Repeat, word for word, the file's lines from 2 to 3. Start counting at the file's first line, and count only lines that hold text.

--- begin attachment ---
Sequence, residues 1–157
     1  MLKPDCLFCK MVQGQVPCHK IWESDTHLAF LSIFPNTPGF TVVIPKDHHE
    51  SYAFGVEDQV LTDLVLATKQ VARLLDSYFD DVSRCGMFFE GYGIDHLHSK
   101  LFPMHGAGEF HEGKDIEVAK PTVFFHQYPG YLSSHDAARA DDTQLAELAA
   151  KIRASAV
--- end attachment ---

     1  MLKPDCLFCK MVQGQVPCHK IWESDTHLAF LSIFPNTPGF TVVIPKDHHE
    51  SYAFGVEDQV LTDLVLATKQ VARLLDSYFD DVSRCGMFFE GYGIDHLHSK